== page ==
London Fashion Week: Feminist Cravats, the Devil’s Disco, and the Horse Head Explained


London Fashion Week: Feminist Cravats, the Devil’s Disco, and the Horse Head Explained


One of the unexpected standouts at London Fashion Week was an intriguing collection of presentations given by seven different designers in the Portico Rooms at Somerset House. The international set of designers—who were brought together by the avant-garde PR agency Bloody Gray—described the show as an “interactive digital installation,” which was radically different than anything I’ve previously encountered at any fashion week.



The first presentation I encountered was Jayne Pierson’s theatrical performance. It featured two ballet performers dancing with in an unusually jerky, yet classical technique on small, white cubic podiums, alongside four models passively lingering by the walls. The models wore coordinated collared tops and fitted, high-waisted skirts in muted tones of blue, gray, cream, and lavender which were reminiscent of a hybrid of the French Regency era’s streamlined silhouette and the Victorian era’s love of puffed sleeves, conservative necklines and MASSIVE hair.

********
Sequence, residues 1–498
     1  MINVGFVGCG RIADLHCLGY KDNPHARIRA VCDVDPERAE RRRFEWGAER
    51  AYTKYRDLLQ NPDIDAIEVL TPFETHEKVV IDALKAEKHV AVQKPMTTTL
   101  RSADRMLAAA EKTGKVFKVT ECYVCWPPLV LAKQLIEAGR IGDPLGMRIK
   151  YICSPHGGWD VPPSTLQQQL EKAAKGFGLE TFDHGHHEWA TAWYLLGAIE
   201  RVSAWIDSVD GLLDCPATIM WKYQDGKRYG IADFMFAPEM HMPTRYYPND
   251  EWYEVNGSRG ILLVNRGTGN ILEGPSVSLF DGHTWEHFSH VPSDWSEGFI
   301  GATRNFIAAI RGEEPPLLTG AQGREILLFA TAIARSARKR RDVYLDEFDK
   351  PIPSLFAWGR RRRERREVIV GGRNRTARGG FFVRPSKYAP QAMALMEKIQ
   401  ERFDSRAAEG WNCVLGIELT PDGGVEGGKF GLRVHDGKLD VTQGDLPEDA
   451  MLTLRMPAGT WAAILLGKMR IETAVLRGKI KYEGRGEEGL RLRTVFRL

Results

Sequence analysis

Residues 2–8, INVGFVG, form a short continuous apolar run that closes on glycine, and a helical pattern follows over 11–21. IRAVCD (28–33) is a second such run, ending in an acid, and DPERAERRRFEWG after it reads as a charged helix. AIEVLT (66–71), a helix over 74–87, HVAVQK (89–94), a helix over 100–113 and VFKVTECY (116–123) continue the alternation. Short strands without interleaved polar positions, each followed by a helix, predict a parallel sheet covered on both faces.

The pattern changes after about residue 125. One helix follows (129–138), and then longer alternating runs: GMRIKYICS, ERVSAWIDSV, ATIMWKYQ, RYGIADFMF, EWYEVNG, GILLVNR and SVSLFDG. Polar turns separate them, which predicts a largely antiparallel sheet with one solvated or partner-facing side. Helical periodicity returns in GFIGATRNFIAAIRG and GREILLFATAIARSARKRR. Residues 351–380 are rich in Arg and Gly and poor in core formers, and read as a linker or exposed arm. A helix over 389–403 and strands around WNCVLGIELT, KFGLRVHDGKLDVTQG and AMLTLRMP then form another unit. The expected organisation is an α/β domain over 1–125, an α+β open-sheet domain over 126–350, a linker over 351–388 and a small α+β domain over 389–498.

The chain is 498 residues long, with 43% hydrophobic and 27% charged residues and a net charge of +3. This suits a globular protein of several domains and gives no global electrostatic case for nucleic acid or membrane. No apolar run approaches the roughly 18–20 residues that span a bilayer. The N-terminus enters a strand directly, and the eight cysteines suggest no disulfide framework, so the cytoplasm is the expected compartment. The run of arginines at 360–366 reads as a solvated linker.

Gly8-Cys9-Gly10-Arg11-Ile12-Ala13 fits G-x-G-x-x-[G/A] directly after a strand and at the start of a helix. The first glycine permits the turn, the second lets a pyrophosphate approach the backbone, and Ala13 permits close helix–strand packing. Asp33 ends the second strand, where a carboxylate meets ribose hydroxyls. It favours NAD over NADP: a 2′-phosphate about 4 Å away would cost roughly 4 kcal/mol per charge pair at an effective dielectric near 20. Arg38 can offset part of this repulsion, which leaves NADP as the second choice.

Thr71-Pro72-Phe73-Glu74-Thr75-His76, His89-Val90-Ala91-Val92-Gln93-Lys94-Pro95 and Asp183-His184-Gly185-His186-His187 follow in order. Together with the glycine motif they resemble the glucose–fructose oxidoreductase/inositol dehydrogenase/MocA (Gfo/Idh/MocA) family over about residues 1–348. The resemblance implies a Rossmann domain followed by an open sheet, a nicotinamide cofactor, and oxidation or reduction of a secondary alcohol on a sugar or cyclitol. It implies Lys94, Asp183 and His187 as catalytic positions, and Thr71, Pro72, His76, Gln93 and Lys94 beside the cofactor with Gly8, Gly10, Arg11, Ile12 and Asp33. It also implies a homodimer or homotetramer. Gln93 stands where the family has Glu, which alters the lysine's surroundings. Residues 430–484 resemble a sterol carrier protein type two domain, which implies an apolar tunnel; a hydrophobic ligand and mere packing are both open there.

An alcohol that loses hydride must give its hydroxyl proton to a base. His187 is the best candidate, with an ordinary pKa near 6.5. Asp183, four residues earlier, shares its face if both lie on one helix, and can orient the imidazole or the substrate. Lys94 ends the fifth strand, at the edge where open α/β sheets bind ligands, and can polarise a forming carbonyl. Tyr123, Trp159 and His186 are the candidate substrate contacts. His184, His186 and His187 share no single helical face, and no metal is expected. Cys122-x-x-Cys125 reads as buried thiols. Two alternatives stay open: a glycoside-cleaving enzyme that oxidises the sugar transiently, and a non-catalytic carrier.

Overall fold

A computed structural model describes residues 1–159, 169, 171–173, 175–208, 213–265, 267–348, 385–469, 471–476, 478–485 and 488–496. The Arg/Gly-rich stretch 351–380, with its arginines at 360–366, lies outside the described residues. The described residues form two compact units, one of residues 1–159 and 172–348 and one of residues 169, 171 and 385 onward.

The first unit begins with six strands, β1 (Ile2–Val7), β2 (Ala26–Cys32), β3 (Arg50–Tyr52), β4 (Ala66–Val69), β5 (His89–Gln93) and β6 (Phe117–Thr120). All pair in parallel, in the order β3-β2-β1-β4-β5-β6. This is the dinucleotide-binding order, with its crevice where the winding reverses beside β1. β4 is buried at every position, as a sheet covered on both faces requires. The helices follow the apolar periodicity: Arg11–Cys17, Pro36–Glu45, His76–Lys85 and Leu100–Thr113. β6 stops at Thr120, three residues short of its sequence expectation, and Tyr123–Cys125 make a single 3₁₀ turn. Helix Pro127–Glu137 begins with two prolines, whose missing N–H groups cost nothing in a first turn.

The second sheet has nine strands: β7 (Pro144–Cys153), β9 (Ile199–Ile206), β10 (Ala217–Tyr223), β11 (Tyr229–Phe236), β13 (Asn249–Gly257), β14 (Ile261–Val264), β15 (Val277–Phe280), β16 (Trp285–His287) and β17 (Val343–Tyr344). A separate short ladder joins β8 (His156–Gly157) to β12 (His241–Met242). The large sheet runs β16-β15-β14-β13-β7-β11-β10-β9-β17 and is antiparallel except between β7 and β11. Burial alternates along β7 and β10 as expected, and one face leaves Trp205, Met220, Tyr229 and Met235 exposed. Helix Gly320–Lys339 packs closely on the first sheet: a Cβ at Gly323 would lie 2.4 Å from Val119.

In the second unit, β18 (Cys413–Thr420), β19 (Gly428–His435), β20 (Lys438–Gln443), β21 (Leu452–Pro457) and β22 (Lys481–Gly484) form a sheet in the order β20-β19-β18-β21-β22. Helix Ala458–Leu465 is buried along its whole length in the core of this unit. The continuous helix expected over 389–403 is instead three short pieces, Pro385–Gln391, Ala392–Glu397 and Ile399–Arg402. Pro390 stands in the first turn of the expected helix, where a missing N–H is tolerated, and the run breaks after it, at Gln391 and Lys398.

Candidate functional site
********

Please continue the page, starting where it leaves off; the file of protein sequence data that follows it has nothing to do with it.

Once I managed to pull my gaze away from the engaging (and by now profusely sweating) dancers, and examine the details of Pierson’s collection, I noticed amongst the bows and frills that the neck pieces (worn in the style of cravats) were actually made of what appeared to be human hair. The bizarre accessory could perhaps be a reference to the hugely popular trend amongst the fashionable demi-monde women in the Victorian era of wearing false hair pieces, which caused moral outrage from the press and public. Elize Lynn Linton (the first female salaried journalist in Britain) famously denounced the false hair pieces as a “sacrifice of cleanliness” in her canonical “The Girl of the Period” essay for The Saturday Review in 1868. Other fashion journalists of the time speculated that the “grossly artificial aids to beauty” were made from the hair of corpses, fever patients, and female prisoners. Hence Pierson’s use of human hair in the creation of a traditionally masculine accessory like a cravat, could be interpreted as a clever, yet subtle comment on modern femininity’s relationship to public morality… Or maybe she just thought it looked cool.